Some projects are both educational and useful. We believe that [Jasper's] Arduino based electronic load is one of those project.
[Jasper's] electronic load can not only act as a constant current load, but also as a constant power and constant resistive load as well. The versatile device has been designed for up to 30V, 5A, and 15W. It was based on a constant current source that is controlled by a DAC hooked up to the Arduino. By measuring both the resulting voltage and current of the load, the system can dynamically adapt to achieve constancy. While we have seen other Arduino based constant loads before, [Jasper's] is very simple and straight forward compartively. [Jasper] also includes both the schematic and Arduino code, making it very easy to reproduce.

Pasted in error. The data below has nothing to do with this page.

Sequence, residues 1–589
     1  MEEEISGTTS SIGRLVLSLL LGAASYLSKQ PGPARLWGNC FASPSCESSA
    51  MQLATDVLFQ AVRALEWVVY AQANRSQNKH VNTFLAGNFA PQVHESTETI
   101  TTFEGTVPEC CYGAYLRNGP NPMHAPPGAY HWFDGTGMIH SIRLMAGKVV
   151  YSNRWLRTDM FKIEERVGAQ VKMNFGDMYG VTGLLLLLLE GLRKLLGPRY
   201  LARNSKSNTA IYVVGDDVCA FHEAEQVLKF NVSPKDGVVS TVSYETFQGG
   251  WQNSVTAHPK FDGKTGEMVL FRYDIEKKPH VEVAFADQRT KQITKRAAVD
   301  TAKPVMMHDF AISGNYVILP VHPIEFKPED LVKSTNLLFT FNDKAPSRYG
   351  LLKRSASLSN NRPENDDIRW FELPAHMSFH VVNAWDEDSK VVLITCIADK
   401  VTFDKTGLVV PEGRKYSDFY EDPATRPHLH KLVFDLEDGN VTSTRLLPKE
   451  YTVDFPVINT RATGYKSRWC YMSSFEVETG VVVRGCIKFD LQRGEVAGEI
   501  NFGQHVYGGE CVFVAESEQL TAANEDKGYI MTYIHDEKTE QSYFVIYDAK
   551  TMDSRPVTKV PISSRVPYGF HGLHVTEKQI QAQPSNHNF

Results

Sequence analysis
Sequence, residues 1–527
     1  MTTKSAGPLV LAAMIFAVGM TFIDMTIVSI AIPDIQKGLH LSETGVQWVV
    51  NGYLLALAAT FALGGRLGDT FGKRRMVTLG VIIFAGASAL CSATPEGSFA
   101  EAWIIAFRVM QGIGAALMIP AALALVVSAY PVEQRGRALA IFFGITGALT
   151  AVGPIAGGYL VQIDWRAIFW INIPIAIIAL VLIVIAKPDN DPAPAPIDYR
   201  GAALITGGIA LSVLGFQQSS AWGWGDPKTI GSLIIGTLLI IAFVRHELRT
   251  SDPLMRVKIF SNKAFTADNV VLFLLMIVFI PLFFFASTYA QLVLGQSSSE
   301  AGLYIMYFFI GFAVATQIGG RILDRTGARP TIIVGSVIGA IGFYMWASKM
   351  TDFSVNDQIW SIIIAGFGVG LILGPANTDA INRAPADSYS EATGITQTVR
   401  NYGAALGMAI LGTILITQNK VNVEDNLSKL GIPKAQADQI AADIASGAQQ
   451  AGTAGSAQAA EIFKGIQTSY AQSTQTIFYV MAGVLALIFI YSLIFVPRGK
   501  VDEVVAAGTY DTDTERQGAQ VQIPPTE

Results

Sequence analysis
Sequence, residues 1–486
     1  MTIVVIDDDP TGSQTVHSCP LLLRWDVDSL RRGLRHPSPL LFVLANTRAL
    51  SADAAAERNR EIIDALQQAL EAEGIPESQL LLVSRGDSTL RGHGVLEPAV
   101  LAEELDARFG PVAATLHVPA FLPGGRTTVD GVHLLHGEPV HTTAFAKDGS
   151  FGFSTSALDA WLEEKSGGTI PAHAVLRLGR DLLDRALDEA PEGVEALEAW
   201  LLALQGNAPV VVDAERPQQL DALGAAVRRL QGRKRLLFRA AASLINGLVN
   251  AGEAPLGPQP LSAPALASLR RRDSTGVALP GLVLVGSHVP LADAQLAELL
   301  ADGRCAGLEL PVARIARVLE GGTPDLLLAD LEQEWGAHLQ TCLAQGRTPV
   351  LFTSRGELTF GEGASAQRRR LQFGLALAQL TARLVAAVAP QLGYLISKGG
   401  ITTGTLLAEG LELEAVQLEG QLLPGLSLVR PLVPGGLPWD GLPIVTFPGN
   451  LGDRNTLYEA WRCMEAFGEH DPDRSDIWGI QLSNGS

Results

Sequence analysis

There are tons of uses for a voltage controlled current source, and this project is a great way to get started with building one. It is an especially great project for putting together your knowledge of MOSFET theory and opamp theory!
By just looking at the picture above, we’re pretty sure that most Hackaday readers will have guessed by now that much power can be dissipated by this electric load. For those who don’t know, an electric load (or dummy load) is a device used to simulate a load on a system for testing purposes. This is quite handy when measuring battery capacities or testing power supplies.
The heart of the device that [Kerry] designed is based on 6 power MOSFETs, a few operational amplifiers and an Arduino compatible ATmega328p microcontroller. Sense resistors are used to measure how much current is passing through the MOSFETs (and therefore the load), the MCP4921 Digital to Analog Converter (DAC) from microchip is used to set the current command, and the load’s voltage is measured by the ATmega ADC. Measuring the latter allows a constant power load mode (as power = current * voltage). In his article, [Kerry] shows that he can simulate a load of up to 200W.
Continue reading “Building a DC Constant Current/Power Electric Load”